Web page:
Points to Share: When Rodriguez told how the Nuns came into his home and instructed their parents to encourage the speaking of English at home, I was shocked. I hope now in our education systems that hiring teachers who speak multiple languages and can assist the students that need so will become one of the highest priorities. I will be assistant teaching in an ESL classroom for my Inspiring Minds placement and all of the students speak one to two other languages, and are either fluent in English as well or just familiar with it. Either way, I feel having a classroom for all these students to learn and grow together will do wonders for them from not only an educational standpoint, but will increase social skills as well. Making students comfortable in a classroom and letting them know their languages and cultures are equally important to one another is a big deal.

Sunday, February 7, 2016

Amazing Grace

Amazing Grace
By: Jonathan Kozol


While reading I was able to relate Kozol's piece to several other author's read thus far in class, including Kristof's: U.S.A., Land of Limitations? and Delpit's Other People's Children

While it seems vague, a quote from Delpit's article that I related to Kozol's was when she stated "When you're talking to white people they still want it to be their way" and then further "They won't listen, white folks are going to do what they wan't to do anyway." Jonathan Kozol is a white man, and I did not get the vibe from this article that he wasn't giving this young boy and his mother a chance to describe and show him their livelihood. It almost made Delpit's quote look like more of an assumption than a fact.

Amazing Grace is also relatable to the Land of Limitations article. Kristof references something he once heard "I grew up poor, but I worked hard and I made it. If other people tried, they could, too. Sure, there are extraordinary people who have overcome mind-boggling hurdles." A section in Amazing Grace that reminded me of this was when the mother's friend's son had a college scholarship, and he ended up dying as a drug addict. When Kristof says "talent is universal, but opportunity is not." This incident in particular completely contradicts the quote because the boy had talent, but his lifestyle ended up taking over.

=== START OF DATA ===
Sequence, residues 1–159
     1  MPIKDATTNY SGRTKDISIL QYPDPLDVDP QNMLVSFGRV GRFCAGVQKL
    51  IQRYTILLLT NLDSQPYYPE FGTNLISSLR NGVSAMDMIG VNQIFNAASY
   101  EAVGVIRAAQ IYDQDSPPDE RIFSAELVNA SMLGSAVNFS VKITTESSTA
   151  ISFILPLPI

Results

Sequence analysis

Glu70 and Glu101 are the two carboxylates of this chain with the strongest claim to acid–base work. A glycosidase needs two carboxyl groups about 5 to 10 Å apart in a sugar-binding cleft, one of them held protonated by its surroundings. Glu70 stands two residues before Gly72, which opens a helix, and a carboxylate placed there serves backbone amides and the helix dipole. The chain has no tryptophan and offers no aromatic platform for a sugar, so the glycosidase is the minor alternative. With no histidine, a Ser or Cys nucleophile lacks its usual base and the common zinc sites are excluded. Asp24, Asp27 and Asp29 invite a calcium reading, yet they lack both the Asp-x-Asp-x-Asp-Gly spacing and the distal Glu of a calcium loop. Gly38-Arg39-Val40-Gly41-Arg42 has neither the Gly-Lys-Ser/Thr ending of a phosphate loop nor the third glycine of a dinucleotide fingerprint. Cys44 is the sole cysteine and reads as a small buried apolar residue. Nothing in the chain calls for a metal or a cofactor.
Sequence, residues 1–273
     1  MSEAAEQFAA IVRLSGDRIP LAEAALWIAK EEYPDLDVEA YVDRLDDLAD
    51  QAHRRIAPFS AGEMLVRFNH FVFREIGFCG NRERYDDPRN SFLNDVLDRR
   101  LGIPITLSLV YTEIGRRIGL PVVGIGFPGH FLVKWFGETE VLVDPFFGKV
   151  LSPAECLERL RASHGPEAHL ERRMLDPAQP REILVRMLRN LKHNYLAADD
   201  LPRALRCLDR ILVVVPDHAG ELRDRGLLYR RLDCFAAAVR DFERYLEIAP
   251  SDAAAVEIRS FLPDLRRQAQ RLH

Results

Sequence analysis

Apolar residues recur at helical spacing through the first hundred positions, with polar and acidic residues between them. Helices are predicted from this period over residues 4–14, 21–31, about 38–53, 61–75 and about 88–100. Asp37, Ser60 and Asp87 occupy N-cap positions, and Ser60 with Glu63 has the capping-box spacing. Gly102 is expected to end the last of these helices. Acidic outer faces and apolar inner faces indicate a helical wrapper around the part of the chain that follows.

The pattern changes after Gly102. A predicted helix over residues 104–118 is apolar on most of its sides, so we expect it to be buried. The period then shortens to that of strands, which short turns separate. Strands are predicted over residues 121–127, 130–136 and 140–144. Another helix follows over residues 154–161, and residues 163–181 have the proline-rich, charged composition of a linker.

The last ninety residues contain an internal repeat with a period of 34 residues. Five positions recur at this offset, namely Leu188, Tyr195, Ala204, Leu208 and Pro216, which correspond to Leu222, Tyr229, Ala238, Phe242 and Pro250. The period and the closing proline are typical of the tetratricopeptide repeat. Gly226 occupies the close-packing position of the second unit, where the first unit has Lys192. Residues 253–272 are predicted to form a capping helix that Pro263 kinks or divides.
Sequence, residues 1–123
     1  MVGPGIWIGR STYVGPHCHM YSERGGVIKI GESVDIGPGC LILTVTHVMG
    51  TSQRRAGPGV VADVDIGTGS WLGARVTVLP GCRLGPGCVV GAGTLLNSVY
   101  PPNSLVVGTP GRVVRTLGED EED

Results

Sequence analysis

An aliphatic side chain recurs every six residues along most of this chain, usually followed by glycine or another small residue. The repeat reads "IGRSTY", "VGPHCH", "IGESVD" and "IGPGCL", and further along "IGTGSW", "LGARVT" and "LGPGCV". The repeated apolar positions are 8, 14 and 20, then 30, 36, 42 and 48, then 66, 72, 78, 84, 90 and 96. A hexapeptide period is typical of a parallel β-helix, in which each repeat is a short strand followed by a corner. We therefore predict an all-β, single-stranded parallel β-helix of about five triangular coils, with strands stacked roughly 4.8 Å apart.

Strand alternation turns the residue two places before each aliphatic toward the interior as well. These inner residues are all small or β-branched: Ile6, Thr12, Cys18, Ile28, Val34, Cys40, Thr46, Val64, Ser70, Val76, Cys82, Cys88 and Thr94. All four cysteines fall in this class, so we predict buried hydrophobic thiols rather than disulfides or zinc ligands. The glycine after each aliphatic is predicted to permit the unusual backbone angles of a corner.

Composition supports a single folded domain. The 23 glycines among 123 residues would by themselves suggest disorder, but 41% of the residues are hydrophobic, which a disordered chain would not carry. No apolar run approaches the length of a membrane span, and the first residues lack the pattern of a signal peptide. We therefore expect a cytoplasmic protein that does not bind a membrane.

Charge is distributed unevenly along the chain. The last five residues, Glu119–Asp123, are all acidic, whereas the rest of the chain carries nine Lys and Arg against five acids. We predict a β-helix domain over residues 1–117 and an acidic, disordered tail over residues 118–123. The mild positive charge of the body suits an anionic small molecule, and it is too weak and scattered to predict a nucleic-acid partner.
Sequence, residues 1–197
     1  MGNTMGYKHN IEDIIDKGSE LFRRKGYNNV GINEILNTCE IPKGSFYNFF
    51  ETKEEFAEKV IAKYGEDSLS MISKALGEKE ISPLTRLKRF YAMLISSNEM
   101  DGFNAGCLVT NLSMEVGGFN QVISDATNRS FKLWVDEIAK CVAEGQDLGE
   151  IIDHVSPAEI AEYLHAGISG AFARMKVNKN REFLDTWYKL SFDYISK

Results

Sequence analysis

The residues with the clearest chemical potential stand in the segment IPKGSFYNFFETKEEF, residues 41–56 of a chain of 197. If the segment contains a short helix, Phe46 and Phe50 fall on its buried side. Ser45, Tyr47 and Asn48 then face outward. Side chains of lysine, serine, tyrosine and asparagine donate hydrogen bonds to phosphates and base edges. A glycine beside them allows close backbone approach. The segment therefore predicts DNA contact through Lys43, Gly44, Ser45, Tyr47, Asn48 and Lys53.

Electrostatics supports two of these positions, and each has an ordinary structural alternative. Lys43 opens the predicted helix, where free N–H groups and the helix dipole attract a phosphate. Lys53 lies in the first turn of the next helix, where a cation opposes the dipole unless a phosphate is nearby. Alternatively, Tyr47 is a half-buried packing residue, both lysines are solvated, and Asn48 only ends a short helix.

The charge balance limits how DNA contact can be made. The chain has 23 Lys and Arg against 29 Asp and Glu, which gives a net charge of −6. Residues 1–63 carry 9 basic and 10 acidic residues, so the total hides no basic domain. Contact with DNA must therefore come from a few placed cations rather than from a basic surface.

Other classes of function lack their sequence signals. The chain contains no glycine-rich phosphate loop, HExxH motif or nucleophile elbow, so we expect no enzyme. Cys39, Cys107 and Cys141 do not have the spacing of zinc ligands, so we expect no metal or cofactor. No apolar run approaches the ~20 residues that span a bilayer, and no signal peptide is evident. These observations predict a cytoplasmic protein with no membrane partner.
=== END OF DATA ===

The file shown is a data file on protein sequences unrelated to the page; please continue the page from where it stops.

Questions/Comments/Points to Share:
What I enjoyed most about this text was how it provided factual information about the everyday struggles that underprivileged people go through, it told the readers a story about an older women and a younger boy. I feel more effected by a text when I'm hearing it directly from the somebody has been personally involved in a situation rather than just from statistics and news articles. 

Monday, February 1, 2016

USA Land of Limitations? Nicholas Kristof

In this article, human right writer Nicholas Kristof discusses what he thinks the Presidential candidates this running should be concerned with, and informing about. This ongoing issue is the fact everybody is born into different financial situations and this highly affect the opportunities they are able to receive and the way their life will play out economically and socially. Throughout the article, he tells the story of a hometown friend Rick Goff and how unfortunate circumstances took control of his life, disregarding his talent of knowledge and kindness of heart.


"Yet I fear that by 2015 we’ve become the socially rigid society our forebears fled, replicating the barriers and class gaps that drove them away"

Reading this at the beginning of the article places an idea/image in the readers head. Kristof earlier states how his father and Senator Rubio's fathers came to this country wishing to get away from "barriers and class gaps", to find that by the year 2015, the USA has only replicated so. This made me wonder, if our country continues not to face these issues, will people leave? Where will they go? And will this cycle repeat itself again? By saying this, Kristof places a certain fear in the readers mind, hoping to provoke agreement.

“talent is universal, but opportunity is not.”

Kristof references a piece in which he had written previously about Goff. Kristof informed readers of how Goff was brought up, the difficulties he faced in educational settings and what he had to do to provide for his family. He stated that Goff was indeed smart, talented and hard working, but he did not get the biggest chance to show this because of what he was born into. I once heard the question, "What if the cure for cancer is in a person's brain who can't afford college?" and Goff's story reminded me of it. At the end of the day, you could win the lottery or lose all of your savings. Either way, your brains and your talents stay with you.

Questions/Comments/Points to Share:
Something that I thought about while reading this article was the accessibility of education. Never facing this situation, I am unaware of the difficulties of attending school but I am not naive to the fact that there are some issues. I wonder for children who face the same issues that Goff did such as having to take care of siblings and work, how do they make getting an education happen? Better and more beneficial, what can our country do to help these children get what they deserve even though they face poverty? Similar but a whole different realm, is the cost of college. If a student does not have the means to go to school, is that their own financial state holding a diploma out of reach, or the USA for not finding a sufficient solution to end this crisis?

About Me

My full name is Callahan but I prefer to be called Callie or Cal. My family is very important to me. I have an older brother Andrew, two older sisters named Jes and Sam and two younger sisters named Bridget and Finley Mae.

I am a sophomore studying Secondary Ed: English and have a dance minor. I'm also on the RIC Dance Company and have danced since the age of 3. 

I grew up in the ocean town Westerly, Rhode Island which has made me the beach bum I truly am today :)
Over the summer I work in Watch Hill (yes I've chilled with Taylor Swift). In my free time I enjoy reading, listening to music and dancing! I also enjoy visiting California over breaks to visit my Mom.